Realizing he was healthy, I continued to minister to him- a physical exam was just the panacea he needed (in my mind) so I continued the charade. Asking his permission, he agreed to an exam in the curtained recess of the room. A new dignity possessed the boy. His role as patient was a serious one. Coloring deeply, he pulled up his shirt and to my instructions he began to breathe slowly as I listened. Everything was, as I had guessed, very much in order.
I continued to listen to his heart, observing him unnoticed. Long lashes cast shadows on his Pathan skin, pale patches of dermatitis peppered his cheeks. A rosy hue blushed across his cheeks, his teeth - already permanent- underlined his short stature- he had the height of a seven-year-old yet the teeth of a boy much older.
As he dressed again, a lone pen fell from his pocket, as did a badge. Retrieving them for him, I examined the badge –a colorful design, without words, decorated the front, the only shock of color on his drab person.
‘What is this? I asked
“Oh, this is my SCHOOL badge!” A broad smile beamed across his face- true pride- he finally looked like a child, and not the dignified man he was trying so hard to be. Carefully, he pinned it securely in place. I realized for this poor child, whose older brother was a convicted militant who had operated with the Taliban and was now beginning a long de-radicalization process, his entire uniform, and his every hope for a future different to that of his brother’s, was contained in this battered plastic pin.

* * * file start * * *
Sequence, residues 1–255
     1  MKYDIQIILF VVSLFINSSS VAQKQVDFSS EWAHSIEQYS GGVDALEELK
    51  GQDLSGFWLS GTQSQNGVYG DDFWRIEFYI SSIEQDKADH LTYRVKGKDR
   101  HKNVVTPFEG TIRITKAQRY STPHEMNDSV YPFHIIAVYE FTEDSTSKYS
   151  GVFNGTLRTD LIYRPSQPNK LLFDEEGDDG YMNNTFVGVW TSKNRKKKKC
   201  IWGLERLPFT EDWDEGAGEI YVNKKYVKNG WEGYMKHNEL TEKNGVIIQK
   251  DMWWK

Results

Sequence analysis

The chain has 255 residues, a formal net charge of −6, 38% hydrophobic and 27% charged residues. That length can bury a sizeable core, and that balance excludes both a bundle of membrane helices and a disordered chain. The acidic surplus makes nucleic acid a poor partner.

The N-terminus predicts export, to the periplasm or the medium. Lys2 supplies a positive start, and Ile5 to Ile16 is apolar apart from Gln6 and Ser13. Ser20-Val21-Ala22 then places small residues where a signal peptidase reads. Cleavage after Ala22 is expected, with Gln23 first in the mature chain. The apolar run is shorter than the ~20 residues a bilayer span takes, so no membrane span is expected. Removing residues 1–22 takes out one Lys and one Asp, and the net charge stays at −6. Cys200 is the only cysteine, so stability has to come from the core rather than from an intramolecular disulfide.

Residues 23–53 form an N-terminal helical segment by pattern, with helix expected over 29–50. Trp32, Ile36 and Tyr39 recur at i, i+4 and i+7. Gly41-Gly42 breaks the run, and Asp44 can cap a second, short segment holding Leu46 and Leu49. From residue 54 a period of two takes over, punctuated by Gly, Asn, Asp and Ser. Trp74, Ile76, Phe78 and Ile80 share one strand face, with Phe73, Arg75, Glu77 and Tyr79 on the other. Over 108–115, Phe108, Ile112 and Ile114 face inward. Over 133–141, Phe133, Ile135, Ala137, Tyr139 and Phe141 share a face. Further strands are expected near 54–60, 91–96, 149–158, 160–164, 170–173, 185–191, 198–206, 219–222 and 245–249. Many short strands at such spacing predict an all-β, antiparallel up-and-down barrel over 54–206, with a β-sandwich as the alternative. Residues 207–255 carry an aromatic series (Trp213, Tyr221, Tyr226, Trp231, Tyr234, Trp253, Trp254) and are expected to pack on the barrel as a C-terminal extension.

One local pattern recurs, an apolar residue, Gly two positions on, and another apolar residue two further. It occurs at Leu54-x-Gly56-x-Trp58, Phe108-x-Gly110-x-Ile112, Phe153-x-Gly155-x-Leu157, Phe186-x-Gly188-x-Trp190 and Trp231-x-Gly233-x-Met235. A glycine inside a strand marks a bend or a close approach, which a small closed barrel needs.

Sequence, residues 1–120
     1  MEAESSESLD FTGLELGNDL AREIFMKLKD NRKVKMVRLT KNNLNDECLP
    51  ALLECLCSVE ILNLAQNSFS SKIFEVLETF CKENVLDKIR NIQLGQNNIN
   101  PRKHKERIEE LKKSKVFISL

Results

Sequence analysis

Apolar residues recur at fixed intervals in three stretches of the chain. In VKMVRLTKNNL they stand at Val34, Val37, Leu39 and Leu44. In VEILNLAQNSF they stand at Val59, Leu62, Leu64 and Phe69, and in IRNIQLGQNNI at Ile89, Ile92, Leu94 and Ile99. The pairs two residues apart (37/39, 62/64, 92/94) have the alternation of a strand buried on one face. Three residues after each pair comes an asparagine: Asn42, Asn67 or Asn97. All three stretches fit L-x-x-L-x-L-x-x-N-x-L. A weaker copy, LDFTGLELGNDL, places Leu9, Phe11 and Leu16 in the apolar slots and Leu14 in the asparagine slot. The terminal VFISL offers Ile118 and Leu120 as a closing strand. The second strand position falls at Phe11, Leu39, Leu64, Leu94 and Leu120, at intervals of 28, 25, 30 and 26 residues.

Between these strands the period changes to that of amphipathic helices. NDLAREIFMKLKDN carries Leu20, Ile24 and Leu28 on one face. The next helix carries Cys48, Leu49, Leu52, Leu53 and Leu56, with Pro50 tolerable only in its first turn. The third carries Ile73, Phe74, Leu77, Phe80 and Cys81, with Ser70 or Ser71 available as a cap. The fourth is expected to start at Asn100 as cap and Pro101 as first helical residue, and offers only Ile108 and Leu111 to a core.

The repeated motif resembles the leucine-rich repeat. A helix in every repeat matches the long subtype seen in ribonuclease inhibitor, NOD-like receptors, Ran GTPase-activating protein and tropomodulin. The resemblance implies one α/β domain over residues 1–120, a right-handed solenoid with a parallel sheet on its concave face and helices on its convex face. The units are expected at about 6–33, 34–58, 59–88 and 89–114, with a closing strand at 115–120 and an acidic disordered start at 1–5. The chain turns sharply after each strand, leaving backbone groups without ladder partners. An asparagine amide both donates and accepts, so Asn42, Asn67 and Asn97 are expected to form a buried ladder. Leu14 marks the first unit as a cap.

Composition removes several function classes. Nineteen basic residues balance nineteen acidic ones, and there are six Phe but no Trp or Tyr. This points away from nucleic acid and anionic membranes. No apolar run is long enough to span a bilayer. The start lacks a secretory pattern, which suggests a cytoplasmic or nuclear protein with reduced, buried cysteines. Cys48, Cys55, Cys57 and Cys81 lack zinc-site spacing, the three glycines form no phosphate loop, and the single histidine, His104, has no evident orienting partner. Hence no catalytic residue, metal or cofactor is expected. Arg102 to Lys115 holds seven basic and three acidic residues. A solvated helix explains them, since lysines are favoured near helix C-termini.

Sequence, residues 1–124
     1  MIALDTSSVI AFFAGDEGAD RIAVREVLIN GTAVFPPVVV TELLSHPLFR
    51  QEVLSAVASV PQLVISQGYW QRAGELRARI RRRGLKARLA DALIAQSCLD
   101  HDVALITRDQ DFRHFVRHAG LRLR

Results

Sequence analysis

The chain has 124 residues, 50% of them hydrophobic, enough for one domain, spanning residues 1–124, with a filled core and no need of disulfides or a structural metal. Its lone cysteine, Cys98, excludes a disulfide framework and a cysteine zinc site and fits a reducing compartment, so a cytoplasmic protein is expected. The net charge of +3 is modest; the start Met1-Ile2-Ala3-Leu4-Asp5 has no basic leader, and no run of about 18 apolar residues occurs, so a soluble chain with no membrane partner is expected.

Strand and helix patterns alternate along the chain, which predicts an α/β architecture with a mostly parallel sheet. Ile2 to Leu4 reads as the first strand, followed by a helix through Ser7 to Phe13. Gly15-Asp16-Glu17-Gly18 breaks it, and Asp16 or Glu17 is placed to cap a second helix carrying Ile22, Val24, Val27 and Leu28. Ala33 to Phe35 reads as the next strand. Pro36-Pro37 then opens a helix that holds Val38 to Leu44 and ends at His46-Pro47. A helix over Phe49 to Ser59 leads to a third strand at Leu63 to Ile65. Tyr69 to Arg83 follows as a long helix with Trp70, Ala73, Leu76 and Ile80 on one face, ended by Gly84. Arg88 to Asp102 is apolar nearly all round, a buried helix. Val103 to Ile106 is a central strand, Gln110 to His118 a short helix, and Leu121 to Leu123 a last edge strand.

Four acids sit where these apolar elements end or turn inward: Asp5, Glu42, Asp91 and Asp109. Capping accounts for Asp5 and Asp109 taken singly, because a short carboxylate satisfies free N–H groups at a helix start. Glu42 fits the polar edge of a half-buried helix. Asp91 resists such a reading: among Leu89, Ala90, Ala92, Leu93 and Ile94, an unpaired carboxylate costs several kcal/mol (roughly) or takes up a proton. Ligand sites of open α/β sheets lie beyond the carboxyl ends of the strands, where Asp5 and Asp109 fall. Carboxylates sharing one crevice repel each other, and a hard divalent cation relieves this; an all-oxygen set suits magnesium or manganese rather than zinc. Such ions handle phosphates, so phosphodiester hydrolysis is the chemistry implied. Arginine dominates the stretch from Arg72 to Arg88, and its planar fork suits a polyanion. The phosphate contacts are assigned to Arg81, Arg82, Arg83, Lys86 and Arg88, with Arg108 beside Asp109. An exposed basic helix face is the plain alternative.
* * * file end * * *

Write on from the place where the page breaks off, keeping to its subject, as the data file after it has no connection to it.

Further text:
His school badge gave him a sense of belonging, a sense of pride, and a sense most importantly of new possibilities. Like Malala, this little boy saw his only hope of a future in his education and the community of his school.
Tonight while I think of Malala in the battle of her life now in my native Britain, I remember all the children of Swat and the brave Pakistani soldiers who defend and must often die for each of them. Had my father’s fate been different, I might have been one of these children instead of a child growing up comfortably in England.
While the Taliban may try to target Malala once again, I take solace in the words of Pablo Neruda when I think: "They can cut all the flowers, but they cannot stop the coming of spring."
Qanta Ahmed MD is the author of In the Land of Invisible Women (2008), a Templeton-Cambridge Journalism Fellow in Science and Religion and Associate Professor of Medicine, State University of New York. Follow her on Twitter @MissDiagnosis.
The American Jewish World Service (AJWS) www.ajws.org/donate is earmarking funds in Malala Yousafzai's name to help girls like her in Pakistan and neighboring countries.
i-Care Fund America (ICF) is a Pakistan- based charity (with tax-exempt status) which focuses on education in Pakistan along with health and employment. Donations can be targeted specifically at educational projects for children in the Swat valley communities of Sanjan Nagar and Sabaoon.